AGRICULTURE. DISAPPOINTING OUTLOOK. It is rather disappointing to have to record as the weeks come round that so little progress has been made in regard to matters agricultural, and that we remain practically at a stand still; but so it is. It is many years since we had such inclement weather in May as we are having this year, or such varia- tions in the temperature. Of late the atmospheric conditions have become somewhat modified, and there seems an end for the time at least of frosts, though cold winds prevail after sundown.; but so great have been the changes, and so persistently has the wind lingered in the north and east, that we can scarcely tell what to expect from day to day, and it may happen that when these lines reach the reader a reaction has taken place, and the cold may be a thing of the past. Locally, as the reader needs no reminding, we have had a pretty good supply of rain of late, but the real position of affairs may be somewhat estimated by a statement made at the Ashton-under-Lyne Town Council during the week. The chairman of the Waterworks Committee said he "wished to draw the attention of the public to the fact that they were in a very serious position as regarded the supply of water. They supplied a population of 160,000 inhabitants, and they were now a hundred million gallons worse off than they were this time last year, and if great care were not exercised there would be a water famine this summer. On the following day the committee would probably con- sider and decide on a restriction of the supply." This, to say the least, is an "early groan," and it is to be hoped will not represent the normal state of things later on. A somewhat similar outcry comes from Birmingham. Again, the "Agricultural Gazette" says:—"The season must be pronounced late, harsh, dry, and unpromising. The early hay crop has undoubtedly suffered, although there is a good deal of grass in the pastures. The apparent difficulty m rain- making suggests the wish for some treatment whereby the bound-up state of the atmosphere could be opened. Cloud we have in abundance, but a confined condition, due to some unknown cause, prevents any continuous fall. It is a pity to relinquish the hope of a fine season which was I prevalent a fortnight ago, and experience has taught us that this is a spring of surprises, and it may yet turn out better than aopearances now warrant." Owing to holiday influences, the demand for cheese this week has been very quiet; but as there is little of fine quality on offer, holders have been firm and not disposed to make con- cessions. There is a tendency to rush the market with new Cheshire, the supply being beyond the demand and prices easier in conse- quence. Quotations in the Manchester market, however, are still from 65s. to 70s. per 1201b. for finest; fine, 58s. to 62s. and medium and lower grades 56s. to 53s. Finest Canadian, September- Octobers, where available, are quoted at 62s. to 63s., coloured; white, 59s. to 60s. per cwt.; fine to finest, 58s. to 60s.; finest new, 55s to 58s and fair samples, 54s. to 56s. New Zealand in fair request at 59s. to 60s. A proposition is on foot to establish fortnightly cheese fairs at Nantwich. [ SCIENTIFIC AGRICULTURE. » recent, meeung ot tho Technical Instruc- tion Committee of the Lancashire Countv Council held at Preston, Mr. John Bvrne. M.A., B Sc in Agriculture, until recently the Principal of a Government College in New Zealand, was unani- mously appointed Principal of Agriculture for the county, at a salary of JE560 per annum. Mr. Byrne, who wil! take the entire charge of tho agricultural educational work throughout the county, has been at Cairo for some time and while Director of the Canterbury Agricultural College, New Zealand, managed a farm of 710 acres. I 11 THE MEAT SUPPLY. I 11 unglllaIJY a great number of people deprecated the introduction of foreign meat into this country, just the same as they have been known to despise the introduction of any new machinery in days gone by. But that was in the days when we were not so "thick on the ground," and before we realised the extent to which we were to become more dependent on other fields of production and not until such a crisis as that which at present exists in the meat trade that we estimate what we should do without the foreigner. The recently- published circulars of the Colonial Consignment Company, however, make it clear to what extent the United States dominate the markets of the United Kingdom. Cattle in the States are said to be higher in price than at any time since 1882, when somewhat similar conditions prevailed—a, deficient maize crop with resultant shortage of fat cattle, and values much higher than at present, perhaps 25 per cent. more. At that time, twenty years ago, the home markets were not so de- pendent as they are now on United States sup- i plies of cattle and beef, and though the excessively high prices of that year lessened the shipments of cattle from the United States by 68,025 head, this shortage was more than compensated by iniports from Europe, which are now prohibited. The I circular goes on. to point out that an impression exists that prices might be reduced and the influ- ences of the "beef trust" counteracted if the pro- hibition on the imports of Argentine fat btillocles and Canadian store oattle were removed. Bi! t this is more or less a mistake, so far as the Argen- tine at least is concerned, as the frozen and chilled beef received from the River Plate has been 341,888 quarters in 1897, 424,480 in 1898, 439,480 in 1899, 403,120 in 1900, and 465,471 in 1901. i FLOUR AS SHIPS' BALLAST. There is no gauging the length, breadth or depth of American enterprise—some people ea: I it "greed," in grabbing the almighty dollar. Bet it may be conceded that the people of this countiy need not be very much alarmed at the dirfprenb "trusts" referred to as emanating from our cute cousins across the herring pond. Already signs of weakness are shewing themselves in several quarters in regard to some of these wouid-be mon- opolies, and like many others that have gone before, they will no doubt find their level. There never was a time yet when one or two, or for the matter of that a dozen, people could "boss" the world's commerce. The New York correspondent of the "Standard" says that, unless British trade is to be abandoned, the freight on flour must be cheapened, or flour must be regarded as an ob- ject of improved tariff concessions, or the flour exporters of the United States must form a trust, by means of which export prices may be reduced, while home prices are upheld. The American Millers' Association is making an effort to have flour carried as ships' bahast, instead of wheat, and at the same rate. Already the St. Paul Rail- way Company have quoted an identical rate on the transportation of Hour and wheat, the rate on flour having previously been higher than that OIl wheat. The concession is equivalent to 2i cents per barrel. British consumers may rest assured that American millers wiJ devise means of cutting down expenses so as to keep on shipping flour to this country, because exportation is necessary to them to enable their mills to be kept constantly going without causing a glut in the home market. The upward tendency in the price of wheat has not been brought about by the Budget proposals. THE R.A.S.E. AND ITS PRESIDENTSHIP. The Royal Agricultural Society has now entered into possession of the land which it has acquired at Ealing for a permanent showyard, and it is hoped that the show will be held there next year. In reply to the resolution recently passed by the council, H.R.H. the Prince of Wales has written cordially accepting the office of President for the ensuing year, and expressing the hope that the first exhibition on the London show- ground may be as successful as that at Man- chester, which was held when his Royal Highness last occupied the position. BRITISH DAIRY FARMERS AND COLONIAL BUTTER. At a meeting of the council of the British Dairy Farmers' Association, held last week, it was decided to provide two classes for oolcnial butter at the next dairy show in October. There will be one class for salt butter and one for fresh, in boxes containing not less than 561b. The stocks of New Zealand butter on the English markets were exhausted last week, but have since been reinforced by the arrival of the Gothic with about 6,800 boxes of butter, which has been meeting a ready sale at 102s. to 104s. per cwt. for "choicest" brands and 96s. to 100s. for "finest. The Wakatiui is due on May 21st with about 2,000 boxes, and Messrs. Weddel state in their report that this will close the New Zealand season. Canadian butter is now coming forward, and will be the only colonial butter on our markets until September or October next. THE TRADE WITH ARGENTINA. Much satisfaction is felt by agriculturists, and indeed among the general public, at the re- opening of the ports of Argentina to English stock; but it goes without saying that it would be much more appreciable if the same could be said of our own ports respecting the vice versa position of affairs. There is no doubt, however, that the Board of Agriculture is right in con- tinuing the enforced restrictions on this side, although the state of affairs is particulary irk- some at the present crisis. There can be no doubt, however, that Mr. Hanbury, whose ap- pointment to the presidency of the Board was considerably criticised at the time, has given great practical proof of his fitness for the office and of sincerity in his desire to sympathise with agriculturists. He is understood to have told a deputation of tho Meat Traders' Association who waited on him the other day with the object of securing the removal of the present restrictions on the importation of Argentine cattle that, while fully realising the importance of Argentina as a source of supply to this country, he could give no definite promise as to when our ports would be open, but that communications were parsing" between our Government and Argentine, and he hoped at no distant date to be able to give a favourable reply. It is under- stood that the, country can now shew à. clean bill of health as regards foot-and-mouth disease. Messrs. Alfred Mansell and Co., of Shrewsbury, have recently shipped from Liverpool for Senor Ricardo S. Zimborain, of Buenos Ayres, thirty- two Shropshire ewes and two rams, from the Harrington dispersion. The same firm have also recently shipped from Liverpool, on behalf of Mr. H. T. Harding, 6 high-class bulls (3 Herefords and 3 Shorthorns) from leading breeders, and a choice selection of Shropshire and Hampshire sheep, including a valuable Shrop- shire ram from Mr. J. Harding by the 150-guinea "P.D.Q. and another equally good sire by "Maidstone Juvenal," 2nd R.A.S.E. Maidstone. Mr. Harding was fortunate enough to secure, from Mr. A. E. Mansell's famous flock 4 well- grown rams by "Strong Bone" and "Bright Eye," which are described as equal to anything exported to Argentina.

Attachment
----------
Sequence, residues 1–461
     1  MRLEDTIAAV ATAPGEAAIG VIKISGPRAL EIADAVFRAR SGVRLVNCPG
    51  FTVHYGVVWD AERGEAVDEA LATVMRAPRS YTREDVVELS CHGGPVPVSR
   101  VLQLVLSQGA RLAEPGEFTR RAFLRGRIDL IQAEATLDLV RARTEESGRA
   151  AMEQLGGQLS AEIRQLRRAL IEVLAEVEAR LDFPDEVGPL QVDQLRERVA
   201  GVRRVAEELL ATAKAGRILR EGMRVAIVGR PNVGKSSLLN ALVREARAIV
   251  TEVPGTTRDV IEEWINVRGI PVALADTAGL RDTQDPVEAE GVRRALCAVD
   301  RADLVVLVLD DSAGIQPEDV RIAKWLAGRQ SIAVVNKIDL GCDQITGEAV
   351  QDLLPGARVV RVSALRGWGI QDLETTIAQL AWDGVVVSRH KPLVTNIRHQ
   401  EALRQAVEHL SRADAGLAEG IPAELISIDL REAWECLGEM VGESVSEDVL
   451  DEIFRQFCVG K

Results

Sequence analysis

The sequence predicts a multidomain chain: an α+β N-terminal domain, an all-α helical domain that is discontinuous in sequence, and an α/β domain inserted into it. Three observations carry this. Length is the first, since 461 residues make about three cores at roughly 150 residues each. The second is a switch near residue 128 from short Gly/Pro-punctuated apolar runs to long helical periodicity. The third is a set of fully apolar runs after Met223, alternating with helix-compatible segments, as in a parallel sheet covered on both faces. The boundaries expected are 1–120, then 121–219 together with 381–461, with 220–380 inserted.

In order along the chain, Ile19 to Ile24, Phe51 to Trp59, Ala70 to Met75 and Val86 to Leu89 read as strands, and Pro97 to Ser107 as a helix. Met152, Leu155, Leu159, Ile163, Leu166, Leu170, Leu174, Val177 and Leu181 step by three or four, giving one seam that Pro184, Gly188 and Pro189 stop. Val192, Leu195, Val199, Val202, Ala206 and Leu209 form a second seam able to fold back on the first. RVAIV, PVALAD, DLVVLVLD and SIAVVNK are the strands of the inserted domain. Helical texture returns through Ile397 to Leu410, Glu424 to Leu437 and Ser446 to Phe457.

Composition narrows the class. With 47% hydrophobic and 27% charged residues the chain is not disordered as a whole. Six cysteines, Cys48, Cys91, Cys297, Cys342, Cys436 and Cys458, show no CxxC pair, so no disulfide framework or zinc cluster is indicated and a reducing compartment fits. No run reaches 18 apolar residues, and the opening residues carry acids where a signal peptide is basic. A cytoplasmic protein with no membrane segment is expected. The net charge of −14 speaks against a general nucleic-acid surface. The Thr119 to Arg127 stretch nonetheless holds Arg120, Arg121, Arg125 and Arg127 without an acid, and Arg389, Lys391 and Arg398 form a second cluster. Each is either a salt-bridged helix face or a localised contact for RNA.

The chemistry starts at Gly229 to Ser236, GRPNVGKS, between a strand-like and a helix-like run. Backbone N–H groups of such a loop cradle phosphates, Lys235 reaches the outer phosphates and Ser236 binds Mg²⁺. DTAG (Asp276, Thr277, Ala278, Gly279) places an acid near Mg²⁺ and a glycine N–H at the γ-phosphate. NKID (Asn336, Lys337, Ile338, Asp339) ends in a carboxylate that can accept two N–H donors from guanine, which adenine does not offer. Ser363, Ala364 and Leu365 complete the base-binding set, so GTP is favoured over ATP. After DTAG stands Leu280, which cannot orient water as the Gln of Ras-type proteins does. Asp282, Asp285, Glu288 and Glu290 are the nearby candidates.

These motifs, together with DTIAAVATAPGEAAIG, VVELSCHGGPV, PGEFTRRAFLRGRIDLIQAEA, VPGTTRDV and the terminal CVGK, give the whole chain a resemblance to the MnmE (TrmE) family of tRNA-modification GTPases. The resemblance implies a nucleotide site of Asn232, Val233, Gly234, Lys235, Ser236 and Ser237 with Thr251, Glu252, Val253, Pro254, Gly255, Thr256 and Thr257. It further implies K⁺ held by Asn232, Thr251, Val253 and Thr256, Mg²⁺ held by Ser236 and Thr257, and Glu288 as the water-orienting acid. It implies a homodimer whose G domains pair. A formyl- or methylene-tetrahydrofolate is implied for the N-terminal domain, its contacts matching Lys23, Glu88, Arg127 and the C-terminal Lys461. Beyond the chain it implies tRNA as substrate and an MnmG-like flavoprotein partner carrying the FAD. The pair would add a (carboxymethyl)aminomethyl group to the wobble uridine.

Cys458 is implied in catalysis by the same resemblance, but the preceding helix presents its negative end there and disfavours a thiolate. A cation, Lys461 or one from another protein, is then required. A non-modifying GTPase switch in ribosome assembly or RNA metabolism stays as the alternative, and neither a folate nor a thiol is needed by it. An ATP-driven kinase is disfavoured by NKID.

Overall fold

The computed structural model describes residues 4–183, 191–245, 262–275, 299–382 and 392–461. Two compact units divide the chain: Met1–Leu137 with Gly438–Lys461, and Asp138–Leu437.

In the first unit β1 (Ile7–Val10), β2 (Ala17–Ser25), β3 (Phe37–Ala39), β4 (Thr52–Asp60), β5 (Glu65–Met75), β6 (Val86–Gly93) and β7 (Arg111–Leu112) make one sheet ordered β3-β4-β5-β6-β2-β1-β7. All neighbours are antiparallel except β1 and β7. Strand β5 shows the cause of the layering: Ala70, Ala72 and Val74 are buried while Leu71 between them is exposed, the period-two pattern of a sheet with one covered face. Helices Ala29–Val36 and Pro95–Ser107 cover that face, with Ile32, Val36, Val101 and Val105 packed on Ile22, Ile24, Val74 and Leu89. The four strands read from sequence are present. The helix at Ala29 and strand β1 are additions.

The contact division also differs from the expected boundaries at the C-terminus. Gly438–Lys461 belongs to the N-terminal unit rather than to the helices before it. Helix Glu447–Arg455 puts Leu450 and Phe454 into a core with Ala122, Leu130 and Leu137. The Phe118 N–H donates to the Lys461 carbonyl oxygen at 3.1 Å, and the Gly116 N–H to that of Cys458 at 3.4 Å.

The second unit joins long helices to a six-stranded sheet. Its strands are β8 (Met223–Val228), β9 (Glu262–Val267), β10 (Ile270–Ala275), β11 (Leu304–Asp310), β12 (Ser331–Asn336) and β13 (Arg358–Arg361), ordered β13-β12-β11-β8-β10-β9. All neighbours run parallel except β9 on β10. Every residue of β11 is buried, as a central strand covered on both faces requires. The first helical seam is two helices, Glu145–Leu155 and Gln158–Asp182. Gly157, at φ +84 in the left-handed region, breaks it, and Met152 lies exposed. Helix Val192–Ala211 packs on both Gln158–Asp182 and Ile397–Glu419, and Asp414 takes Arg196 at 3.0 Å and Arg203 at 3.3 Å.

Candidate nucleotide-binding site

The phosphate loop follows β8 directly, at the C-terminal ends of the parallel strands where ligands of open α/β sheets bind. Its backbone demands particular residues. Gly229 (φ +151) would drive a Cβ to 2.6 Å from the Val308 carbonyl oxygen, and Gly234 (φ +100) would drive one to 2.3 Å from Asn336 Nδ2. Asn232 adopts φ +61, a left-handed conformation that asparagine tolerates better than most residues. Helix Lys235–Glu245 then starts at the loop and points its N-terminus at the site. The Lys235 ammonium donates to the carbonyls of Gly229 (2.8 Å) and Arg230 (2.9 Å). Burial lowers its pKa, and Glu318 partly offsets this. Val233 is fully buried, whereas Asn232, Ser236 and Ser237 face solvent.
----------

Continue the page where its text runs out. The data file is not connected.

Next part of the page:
THE WEATHER AND THE CROPS. I Cheshire farmers are already suffering severely from the unfavourable weather. The recent frusts practically spoiled the early potato crops in many parts of the country, the haulms sprouting a bove the ground being rendered quite black and the growth of the young tubers effectively stopped. The season will therefore be very late, and one of the effects has been to send up the price of last season's potatoes from 50 to 75 per cent. more money. The continuance of th cold, damp weather, and the absence of sunshine is very in- juriously affecting the dairy farmer. There is » great scarcity of grass, which in normal seasons at this time should afford a good pasturage for stock. Cake and other artificial feeding stuffs have to ;Ile resorted to, and the increased expense is a very serious item, especially to dairy farmers. In many districts milk producers give notice that they are not able to reduce the price of milk to the usual summer level on account of the unfavourable weather and the increased cost of feeding stuff.